An anti-war, beautiful, gloomy film [TIFF]

Berger’s film is beautifully shot and paced, delivering sharp, evocative World War I images. While we’ve had some really impressive features on the subject in recent years, including Steven Spielberg’s “War Horse” (2011) and Sam Mendes’ one-shot “1917” (2019) , “All Quiet on the Western Front” feels revolutionary. This may be partly due to the fact that we have a German view of events; it feels like most Hollywood war blockbusters (“Saving Private Ryan”, “The Thing Red Line”, “Dunkirk”, etc.) are set during the Second World War and treat Americans and Bronzes proved to be heroes against Nazi Germany and the Axis powers. “All Quiet on the Western Front” returns to that first world conflict, and faithfully presents the circumstances that made German youth want to fight the war and its dire consequences.

However, I think a bigger factor is Berger’s sharp eye for dramatizing events – both the epic, large-scale battle scenes and also the quiet, private moments in between. . “All Quiet on the Western Front” really captivated the audience In act. The story centers on a soldier, Paul Bäumer (Felix Kammerer), who lies about his age to excitedly enlist with his friends. These young men – boys, in fact – were genuinely happy to go to war, joking and singing along the way to training. This generation has been brainwashed by propaganda and authority figures to see the front lines as an opportunity for glory and excitement – ​​they are fighting for their country, but also looking for adventure. But we, the audience, knew better.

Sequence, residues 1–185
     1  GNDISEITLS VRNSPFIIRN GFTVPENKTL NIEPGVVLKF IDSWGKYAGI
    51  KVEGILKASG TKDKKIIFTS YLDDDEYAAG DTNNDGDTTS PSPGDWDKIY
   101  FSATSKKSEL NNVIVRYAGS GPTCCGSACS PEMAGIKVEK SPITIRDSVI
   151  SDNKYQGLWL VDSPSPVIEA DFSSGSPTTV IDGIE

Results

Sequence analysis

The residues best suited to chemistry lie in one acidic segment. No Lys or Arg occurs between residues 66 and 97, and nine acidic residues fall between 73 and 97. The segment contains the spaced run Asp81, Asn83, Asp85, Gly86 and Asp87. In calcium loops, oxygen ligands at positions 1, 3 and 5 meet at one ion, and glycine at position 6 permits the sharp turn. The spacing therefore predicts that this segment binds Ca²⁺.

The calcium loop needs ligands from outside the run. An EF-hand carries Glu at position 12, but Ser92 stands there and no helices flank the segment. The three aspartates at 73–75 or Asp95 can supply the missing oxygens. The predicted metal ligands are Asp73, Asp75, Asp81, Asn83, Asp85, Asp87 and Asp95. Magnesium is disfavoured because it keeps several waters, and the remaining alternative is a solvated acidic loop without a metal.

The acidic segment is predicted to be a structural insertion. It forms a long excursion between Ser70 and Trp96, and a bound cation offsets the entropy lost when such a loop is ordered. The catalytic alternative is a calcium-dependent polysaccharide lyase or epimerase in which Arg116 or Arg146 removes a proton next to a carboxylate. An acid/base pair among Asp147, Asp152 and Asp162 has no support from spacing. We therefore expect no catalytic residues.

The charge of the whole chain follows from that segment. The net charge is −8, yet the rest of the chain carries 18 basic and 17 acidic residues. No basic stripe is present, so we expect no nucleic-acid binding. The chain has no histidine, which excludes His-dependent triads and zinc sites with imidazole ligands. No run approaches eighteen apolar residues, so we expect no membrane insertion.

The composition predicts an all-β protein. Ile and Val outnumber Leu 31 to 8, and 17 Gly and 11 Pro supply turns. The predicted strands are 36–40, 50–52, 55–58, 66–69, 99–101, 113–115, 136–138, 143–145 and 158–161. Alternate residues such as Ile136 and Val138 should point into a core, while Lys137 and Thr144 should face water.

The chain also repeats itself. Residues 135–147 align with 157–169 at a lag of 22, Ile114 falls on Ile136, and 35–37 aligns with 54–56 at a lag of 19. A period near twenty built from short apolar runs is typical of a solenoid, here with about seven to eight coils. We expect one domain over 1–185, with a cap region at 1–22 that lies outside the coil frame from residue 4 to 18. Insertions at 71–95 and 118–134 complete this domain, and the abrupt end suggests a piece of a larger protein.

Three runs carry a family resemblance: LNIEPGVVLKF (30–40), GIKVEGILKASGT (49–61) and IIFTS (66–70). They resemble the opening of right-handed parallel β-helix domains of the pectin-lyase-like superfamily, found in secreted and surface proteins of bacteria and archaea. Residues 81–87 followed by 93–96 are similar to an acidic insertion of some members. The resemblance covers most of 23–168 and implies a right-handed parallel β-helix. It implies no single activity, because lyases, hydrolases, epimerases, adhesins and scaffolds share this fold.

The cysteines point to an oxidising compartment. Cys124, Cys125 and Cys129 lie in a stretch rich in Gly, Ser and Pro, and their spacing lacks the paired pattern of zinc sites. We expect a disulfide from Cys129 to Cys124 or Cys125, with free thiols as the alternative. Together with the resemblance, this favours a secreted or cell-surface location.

Instead of starting the film with Paul, Berger opens with an montage that shows the endless cycle of death leading up to Paul’s entry into the fray. In those opening scenes, the unimaginable number of young men was slaughtered on the battlefield. Their bodies were mass recovered, and workers diligently recovered salvageable equipment. Then it was an industrial assembly line that washed, repaired, and repackaged uniforms for the next generation of eager young recruits. It’s the kind of industrial meat grinder-like view of war that Roger Waters sings in “The Wall,” and it’s a view that’s not often included in these films. When Paul received his uniform, he noted that it already had a nameplate on it. He said it was returned because it was “too small” and this happens all the time. We know the truth is much darker: Someone died in that coat. An anti-war, beautiful, gloomy film [TIFF]

Fry Electronics Team

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